For the second time in a 16-year span, E. Gordon Gee has sent Ohio State searching for a new leader.
Gee left his first term as OSU president, which began Sept. 1, 1990, when he was elected as president of Brown University by the university’s governing body in June 1997. Gee remained at OSU until Jan. 2, 1998, roughly six months after his plan to depart was announced.
His second departure, however, was much more sudden.
Gee announced his retirement from the presidency June 4, days after controversial comments he made about Notre Dame and the Southeastern Conference, among others, during an Athletic Council meeting Dec. 5 became publicly criticized.
Herb Asher, OSU’s senior vice president for Government Affairs and counselor to the president, was a member of the presidential office staff for both of Gee’s presidential terms.
“There was a much greater level of surprise this time,” Asher said of Gee’s retirement.
Gee is the only president in OSU history who has served two distinct terms, though Edward Harrington Jennings, who was the president from 1981 until the start of Gee’s first term, returned as interim president for a time in 2002. Joseph Alutto is serving his second term as interim president, having previously held that role prior to Gee’s second term.
The experience Gee gained at Brown and Vanderbilt, spanning nearly 10 years, made him a better leader during his second term at OSU, he said.
“I was a lot younger, I was also probably not as tuned to the nature of a significant complex institution,” Gee said in an interview with The Lantern Oct. 21 about his first term, which began when he was 46 years old. “Even though I’d run two big institutions before, Ohio State is so much different. Ohio State is the difference between an aircraft carrier and a speed boat.”
By his second term, the president emeritus said he learned to trust OSU’s “very talented” faculty.
“What you do is become more of a catalyst for change and engage in a stronger visionary leadership role,” Gee said. “So the second term was substantially different from the first term for me.”
Asher agreed Gee’s second OSU presidency was a better one.
“The second term was more focused, more disciplined, more a sense of prioritizing,” Asher said. “In the first term, there were so many things that needed to be considered and decided, and I think in the second term, I think we had really then charted a path that the university would be taking.”
Overall, Asher said Gee’s leadership made a “tangible and intangible” impact on the university.
“Whether you’re talking about the quality of the student body, you’re talking about the quality of the academic programs, whether you’re talking about the physical plan, I think there’s been so much change and so much progress,” Asher said.
Although Gee no longer holds the university’s top leadership position, he is not leaving OSU entirely this time around. While he plans to teach at Harvard University during Spring Semester, he still has an office at OSU — albeit a smaller one than his former suite in Bricker Hall.
“I want to be an active member of the university family and make certain I am contributing in any way possible to the success of the institution,” Gee said.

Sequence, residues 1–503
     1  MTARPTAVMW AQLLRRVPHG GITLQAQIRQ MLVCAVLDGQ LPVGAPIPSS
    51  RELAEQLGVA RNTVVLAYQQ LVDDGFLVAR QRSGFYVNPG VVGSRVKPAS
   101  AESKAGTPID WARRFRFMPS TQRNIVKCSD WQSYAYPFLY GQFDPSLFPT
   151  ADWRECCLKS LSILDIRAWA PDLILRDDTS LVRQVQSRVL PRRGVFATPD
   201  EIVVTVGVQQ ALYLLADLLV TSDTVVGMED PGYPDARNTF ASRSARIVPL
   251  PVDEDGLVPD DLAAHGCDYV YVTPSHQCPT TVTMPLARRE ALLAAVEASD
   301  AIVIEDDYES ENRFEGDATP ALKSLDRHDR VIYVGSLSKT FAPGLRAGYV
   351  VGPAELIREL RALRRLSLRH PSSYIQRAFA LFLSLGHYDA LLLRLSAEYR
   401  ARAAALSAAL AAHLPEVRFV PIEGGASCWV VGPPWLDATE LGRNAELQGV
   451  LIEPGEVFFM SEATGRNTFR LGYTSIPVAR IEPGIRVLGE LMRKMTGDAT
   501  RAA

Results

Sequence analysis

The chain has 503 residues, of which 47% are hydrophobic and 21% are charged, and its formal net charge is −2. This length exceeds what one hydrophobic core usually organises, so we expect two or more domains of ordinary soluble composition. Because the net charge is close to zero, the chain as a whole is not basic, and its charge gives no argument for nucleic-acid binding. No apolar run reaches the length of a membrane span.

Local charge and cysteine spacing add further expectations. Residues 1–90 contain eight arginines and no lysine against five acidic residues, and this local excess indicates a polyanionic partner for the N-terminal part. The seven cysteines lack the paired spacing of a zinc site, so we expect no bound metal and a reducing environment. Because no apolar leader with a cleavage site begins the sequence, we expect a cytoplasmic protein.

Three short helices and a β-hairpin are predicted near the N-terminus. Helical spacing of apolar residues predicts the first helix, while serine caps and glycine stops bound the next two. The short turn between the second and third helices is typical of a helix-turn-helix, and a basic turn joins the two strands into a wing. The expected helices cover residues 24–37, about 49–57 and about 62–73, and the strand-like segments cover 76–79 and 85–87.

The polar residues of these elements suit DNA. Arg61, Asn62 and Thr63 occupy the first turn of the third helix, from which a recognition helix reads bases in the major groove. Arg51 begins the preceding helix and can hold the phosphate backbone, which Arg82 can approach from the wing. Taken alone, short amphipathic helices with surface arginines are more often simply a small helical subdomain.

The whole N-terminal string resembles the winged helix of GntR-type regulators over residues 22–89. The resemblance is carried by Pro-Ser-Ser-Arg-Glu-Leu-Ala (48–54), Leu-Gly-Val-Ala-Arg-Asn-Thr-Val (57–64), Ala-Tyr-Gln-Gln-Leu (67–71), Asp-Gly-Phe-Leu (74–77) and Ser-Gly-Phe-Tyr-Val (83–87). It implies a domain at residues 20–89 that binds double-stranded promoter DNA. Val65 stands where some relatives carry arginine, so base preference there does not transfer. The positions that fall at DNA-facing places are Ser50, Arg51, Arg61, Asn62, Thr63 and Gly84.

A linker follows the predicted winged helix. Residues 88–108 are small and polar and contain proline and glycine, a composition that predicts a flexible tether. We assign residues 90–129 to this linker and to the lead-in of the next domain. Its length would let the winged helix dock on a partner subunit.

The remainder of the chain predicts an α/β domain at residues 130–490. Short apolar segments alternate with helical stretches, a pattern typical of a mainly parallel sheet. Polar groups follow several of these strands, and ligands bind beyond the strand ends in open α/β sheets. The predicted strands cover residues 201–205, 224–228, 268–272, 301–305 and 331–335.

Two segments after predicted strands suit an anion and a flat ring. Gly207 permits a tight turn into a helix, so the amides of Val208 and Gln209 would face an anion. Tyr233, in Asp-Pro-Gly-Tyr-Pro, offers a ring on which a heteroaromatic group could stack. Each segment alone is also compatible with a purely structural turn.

While Asher said the transition is different than the end of Gee’s first term because Gee is not leaving the university, he does not think Gee’s continued involvement will be a “major issue one way or the other.”
“It makes it a little different,” Asher said. “I don’t think it creates any problems. Not sure it makes it smoother or not … Obviously Gordon’s a higher-profile person than a lot of ex-presidents, but we’ve certainly had examples here at Ohio State where the former president stayed on campus.”
Undergraduate Student Government President Taylor Stepp, who is a member of the Presidential Search Committee, said he thinks Gee will still have a “prominent role” in the university moving forward.
“(Gee’s) role will shift,” Stepp said. “It’s really compelling that we have so many leaders in higher education around Ohio State right now. I think it’s an asset. I think it’s something that leaders take advantage of. Leaders should take advantage of the wise counsel around them.”
Some other OSU students were also glad Gee will stick around.
“(Gee’s) kind of like the royalty in England, a bit of a figurehead,” said Katie Lemon, a first-year in education. “He doesn’t actually do as much anymore, but he’s still there.”
Lindsey Schultz, a third-year in sports management, said Gee’s presence could still positively affect OSU post-retirement.
“It’s great to stay involved in any university that you were once a part of,” Schultz said.
Gee, who has also been president of West Virginia University and University of Colorado and chancellor of Vanderbilt University, said he does not plan to pursue another presidency.
As for the transition process itself, how long it will take has not yet been determined. Presidential Search Committee Chairman Jeffrey Wadsworth said July 19 the process of finding an outside candidate takes approximately 300 days.
Alutto, who came to OSU during Gee’s first term in 1991 as the dean of the Fisher College of Business, then served as executive vice president and provost during Gee’s second presidential term, acknowledged Sept. 23 during an editorial board meeting with The Lantern that the transition away from Gee could be difficult given the former president’s prominence.
“Ultimately, this is about Ohio State, not about who is the president,” Alutto said. “It’s an issue a new president will deal with. I think it’s an issue that we’re dealing with now. And Gordon is helping in the sense that he knows that there is a need for some distance between himself and the next president.”
While Gee remains an integral part of the institution, he believes the university community will support the next president.
“This is a very embracing place and they’ll be very supportive of the new president,” Gee said. “Whoever that is.”